On 14 November, the Human Rights Council’s Commission of Inquiry on Syria released a thematic report, Rule of Terror: Living under ISIS in Syria. The report is based on first-hand victim and witness accounts from men, women and children. It concludes that ISIS has perpetrated widespread, deliberate and systematic violations of international humanitarian law and war crimes against civilian populations, including extrajudicial killing, murder, mutilation, rape, sexual violence, forced marriage and pregnancy, torture, cruel treatment and the use and recruitment of children. The report also details ISIS’s killing of hundreds of captured belligerents during its recent military assaults. Recommendations in the report include adopting stronger remedial and preventive actions in Security Council resolutions; focusing on the suppression of war crimes and combating the current climate of impunity benefiting ISIS; and engaging international accountability mechanisms, including the ICC.
Over the next several months, the Commission is planning to release further thematic reports on deaths in custody, torture and forced disappearance, the impact of the conflict on women and attacks on journalists and human rights defenders.
The key issue for the Council—in the fourth year of a civil war that can no longer be contained inside Syria—is to ensure that its focus on counter-terrorism efforts, while important, does not diminish its attention to reports that the Assad regime remains responsible for the majority of violations in the conflict.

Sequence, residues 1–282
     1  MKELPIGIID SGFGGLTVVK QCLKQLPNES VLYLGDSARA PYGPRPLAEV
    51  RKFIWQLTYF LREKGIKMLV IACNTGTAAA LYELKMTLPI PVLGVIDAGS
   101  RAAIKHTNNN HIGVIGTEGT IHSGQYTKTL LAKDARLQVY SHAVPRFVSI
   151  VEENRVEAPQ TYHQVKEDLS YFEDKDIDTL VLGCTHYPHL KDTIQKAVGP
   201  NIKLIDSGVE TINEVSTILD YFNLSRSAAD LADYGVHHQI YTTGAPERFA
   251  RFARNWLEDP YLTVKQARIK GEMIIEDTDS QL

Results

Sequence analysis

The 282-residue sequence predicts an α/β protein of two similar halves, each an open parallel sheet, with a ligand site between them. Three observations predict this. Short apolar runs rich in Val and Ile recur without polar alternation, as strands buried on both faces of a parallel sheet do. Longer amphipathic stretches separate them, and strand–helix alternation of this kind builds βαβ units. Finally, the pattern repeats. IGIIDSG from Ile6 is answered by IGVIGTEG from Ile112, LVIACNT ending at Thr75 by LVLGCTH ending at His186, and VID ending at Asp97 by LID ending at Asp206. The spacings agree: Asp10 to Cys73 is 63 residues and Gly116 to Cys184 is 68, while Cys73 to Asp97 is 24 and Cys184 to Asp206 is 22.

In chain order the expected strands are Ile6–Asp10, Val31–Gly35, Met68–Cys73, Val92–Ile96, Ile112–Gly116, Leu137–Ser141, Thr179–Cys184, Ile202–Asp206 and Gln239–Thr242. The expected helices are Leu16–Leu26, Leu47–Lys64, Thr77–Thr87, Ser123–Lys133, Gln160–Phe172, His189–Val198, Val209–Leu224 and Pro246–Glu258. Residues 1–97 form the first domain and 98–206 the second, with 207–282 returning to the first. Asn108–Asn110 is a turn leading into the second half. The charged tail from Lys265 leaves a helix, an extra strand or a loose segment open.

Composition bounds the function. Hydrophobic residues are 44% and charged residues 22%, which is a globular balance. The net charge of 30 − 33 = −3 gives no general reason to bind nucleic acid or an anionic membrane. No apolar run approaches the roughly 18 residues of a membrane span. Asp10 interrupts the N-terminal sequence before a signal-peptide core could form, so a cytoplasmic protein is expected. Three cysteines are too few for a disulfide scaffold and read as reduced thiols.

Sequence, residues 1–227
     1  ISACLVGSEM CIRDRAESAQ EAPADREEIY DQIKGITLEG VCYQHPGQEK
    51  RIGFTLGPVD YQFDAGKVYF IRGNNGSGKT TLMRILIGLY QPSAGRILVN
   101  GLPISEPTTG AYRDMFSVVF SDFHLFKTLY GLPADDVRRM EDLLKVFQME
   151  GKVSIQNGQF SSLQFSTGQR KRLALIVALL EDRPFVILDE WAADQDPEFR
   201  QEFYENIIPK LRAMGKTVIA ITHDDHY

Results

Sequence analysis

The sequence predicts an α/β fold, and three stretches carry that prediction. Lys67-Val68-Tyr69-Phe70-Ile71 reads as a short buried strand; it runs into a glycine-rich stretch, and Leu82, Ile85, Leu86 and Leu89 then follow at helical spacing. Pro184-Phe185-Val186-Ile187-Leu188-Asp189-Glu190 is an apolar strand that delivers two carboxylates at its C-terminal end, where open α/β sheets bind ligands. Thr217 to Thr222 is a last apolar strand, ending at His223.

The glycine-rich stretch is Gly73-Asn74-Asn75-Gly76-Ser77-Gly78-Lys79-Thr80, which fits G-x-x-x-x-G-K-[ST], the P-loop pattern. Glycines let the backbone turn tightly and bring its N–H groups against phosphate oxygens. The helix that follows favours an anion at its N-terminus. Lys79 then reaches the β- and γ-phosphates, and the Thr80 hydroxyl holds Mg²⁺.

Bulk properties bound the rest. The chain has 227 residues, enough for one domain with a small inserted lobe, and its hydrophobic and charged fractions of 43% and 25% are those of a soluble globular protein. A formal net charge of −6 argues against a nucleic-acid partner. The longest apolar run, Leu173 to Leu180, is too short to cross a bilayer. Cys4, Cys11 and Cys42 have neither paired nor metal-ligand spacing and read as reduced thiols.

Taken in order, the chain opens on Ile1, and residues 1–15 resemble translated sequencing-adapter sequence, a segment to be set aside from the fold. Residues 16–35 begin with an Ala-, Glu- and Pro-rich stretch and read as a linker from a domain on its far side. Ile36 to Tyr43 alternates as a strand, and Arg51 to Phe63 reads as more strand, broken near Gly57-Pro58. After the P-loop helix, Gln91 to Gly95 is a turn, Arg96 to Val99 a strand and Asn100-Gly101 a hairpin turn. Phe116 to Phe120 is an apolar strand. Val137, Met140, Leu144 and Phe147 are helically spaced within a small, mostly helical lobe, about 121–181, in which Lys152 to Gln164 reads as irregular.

An immediate issue for the Council is the renewal of the cross-border authorisation granted in resolution 2165 to ensure that the UN and its partners can continue to deliver aid in Syria.
Ongoing issues include tracking implementation of resolutions 2139 and 2165 on the humanitarian situation and 2118 on the destruction of chemical weapons—in particular aerial bombardment and the use of chlorine bombs.
Another issue is how to effectively curb ISIS’s illicit funding avenues.
An option for Council members who are concerned that elements of resolution 2139, such as human rights and protection of civilians, are being ignored is to reinforce the need for full implementation of humanitarian resolutions 2139 and 2165 in any resolution that renews authorisation for cross-border aid deliveries. A related option for the Council is to renew these authorisations with periodic reviews but without a sunset clause.
Related to human rights reporting, the Council could request to be regularly informed of the work of the Commission of Inquiry on Syria. (A 25 September Human Rights Council resolution decided to transmit all of the Commission’s reports to the Secretary-General for “appropriate action”. The Secretary-General could choose to bring such reports to the attention of the Council using his article 99 powers.)
An option for Council members who are concerned that the government’s use of chlorine bombs violates elements of resolution 2118 would be to request that the reports of the OPCW fact-finding mission be disseminated as a Council document. (Resolution 2118 obligates the OPCW to report non-compliance to the Security Council.)